All the examples of strong parameters in Rails 4 docs use params.require(:person).permit(:name, :age).

Could someone please deconstruct and explain what is occurring with require and permit here?


  • 2
    This example comes directly from the documentation, which explains permit but not require. – Erik Trautman Aug 26 '13 at 2:17
up vote 160 down vote accepted

The params in a controller looks like a Hash, but it's actually an instance of ActionController::Parameters, which provides several methods such as require and permit.

The require method ensures that a specific parameter is present, and if it's not provided, the require method throws an error. It returns an instance of ActionController::Parameters for the key passed into require.

The permit method returns a copy of the parameters object, returning only the permitted keys and values. When creating a new ActiveRecord model, only the permitted attributes are passed into the model.

It looks a lot like the whitelisting that was formerly included in ActiveRecord models, but it makes more sense for it to be in the controller.

  • 31
    The description of permit is a bit off: permit returns another hash that contains only the permitted key AND (this is critical) will respond with true to the permitted? method. By default, an instance of the ActionController::Parameters class will return false for permitted? Responding true to permitted? means the parameter object can be used in mass assignment; else the app will throw a ForbiddenAttributes error. – sameers Nov 13 '13 at 18:05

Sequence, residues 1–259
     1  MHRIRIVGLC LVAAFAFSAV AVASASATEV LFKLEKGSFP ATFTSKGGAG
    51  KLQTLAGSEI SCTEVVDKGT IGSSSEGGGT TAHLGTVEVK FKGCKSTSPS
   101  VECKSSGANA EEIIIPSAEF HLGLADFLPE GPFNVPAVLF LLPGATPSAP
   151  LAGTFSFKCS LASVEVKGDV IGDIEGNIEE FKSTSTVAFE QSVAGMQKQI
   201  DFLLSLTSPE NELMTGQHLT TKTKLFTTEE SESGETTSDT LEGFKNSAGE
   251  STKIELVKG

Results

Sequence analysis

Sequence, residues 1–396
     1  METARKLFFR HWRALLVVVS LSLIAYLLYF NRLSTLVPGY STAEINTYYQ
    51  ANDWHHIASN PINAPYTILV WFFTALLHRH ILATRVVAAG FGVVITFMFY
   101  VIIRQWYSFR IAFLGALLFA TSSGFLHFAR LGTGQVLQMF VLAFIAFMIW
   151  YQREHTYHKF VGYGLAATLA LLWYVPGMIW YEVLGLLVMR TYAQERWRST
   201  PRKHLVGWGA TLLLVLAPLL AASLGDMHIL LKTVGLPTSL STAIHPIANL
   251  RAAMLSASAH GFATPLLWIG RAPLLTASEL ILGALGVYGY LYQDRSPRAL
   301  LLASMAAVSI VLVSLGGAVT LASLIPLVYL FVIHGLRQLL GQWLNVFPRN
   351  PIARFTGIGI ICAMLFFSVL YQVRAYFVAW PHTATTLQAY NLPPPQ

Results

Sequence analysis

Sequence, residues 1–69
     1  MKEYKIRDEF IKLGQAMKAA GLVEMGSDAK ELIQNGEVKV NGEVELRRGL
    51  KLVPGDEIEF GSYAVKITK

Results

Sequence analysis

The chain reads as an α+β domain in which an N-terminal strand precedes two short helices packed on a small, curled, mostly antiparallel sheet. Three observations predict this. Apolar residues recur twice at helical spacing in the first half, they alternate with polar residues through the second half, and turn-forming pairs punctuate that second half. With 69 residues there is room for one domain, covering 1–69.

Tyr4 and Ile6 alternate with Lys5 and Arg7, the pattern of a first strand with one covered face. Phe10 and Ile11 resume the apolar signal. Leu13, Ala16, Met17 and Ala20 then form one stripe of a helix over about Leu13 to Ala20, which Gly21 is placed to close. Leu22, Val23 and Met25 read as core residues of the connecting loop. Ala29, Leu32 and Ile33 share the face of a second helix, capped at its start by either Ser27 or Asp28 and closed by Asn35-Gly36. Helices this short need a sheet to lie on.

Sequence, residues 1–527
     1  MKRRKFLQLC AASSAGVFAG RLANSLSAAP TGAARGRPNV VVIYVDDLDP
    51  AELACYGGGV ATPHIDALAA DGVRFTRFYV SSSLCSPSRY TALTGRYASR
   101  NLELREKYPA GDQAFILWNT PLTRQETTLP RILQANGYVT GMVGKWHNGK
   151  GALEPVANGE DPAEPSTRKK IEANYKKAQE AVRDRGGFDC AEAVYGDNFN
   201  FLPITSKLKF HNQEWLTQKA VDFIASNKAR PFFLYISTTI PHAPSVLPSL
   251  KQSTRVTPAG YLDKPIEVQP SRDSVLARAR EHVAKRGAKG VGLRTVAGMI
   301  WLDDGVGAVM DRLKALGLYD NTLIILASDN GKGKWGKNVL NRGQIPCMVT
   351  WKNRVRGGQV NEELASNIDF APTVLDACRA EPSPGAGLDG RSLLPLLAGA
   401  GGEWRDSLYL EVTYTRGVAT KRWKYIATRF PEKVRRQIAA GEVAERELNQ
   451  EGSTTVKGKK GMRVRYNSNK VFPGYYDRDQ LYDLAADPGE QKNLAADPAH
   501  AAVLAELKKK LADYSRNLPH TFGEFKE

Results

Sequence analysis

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    Does chaining permit on require also permit and include the required parameters in the returned object? – Dennis Apr 6 '16 at 14:49
  • I find the naming unfortunate, as require does a lot more than making a permitted parameter required. Using params.permit(:person, :name, :age) does not work, and generates errors like "Unpermitted parameters: :utf8" for a typical form. – Damien Aug 30 at 13:03

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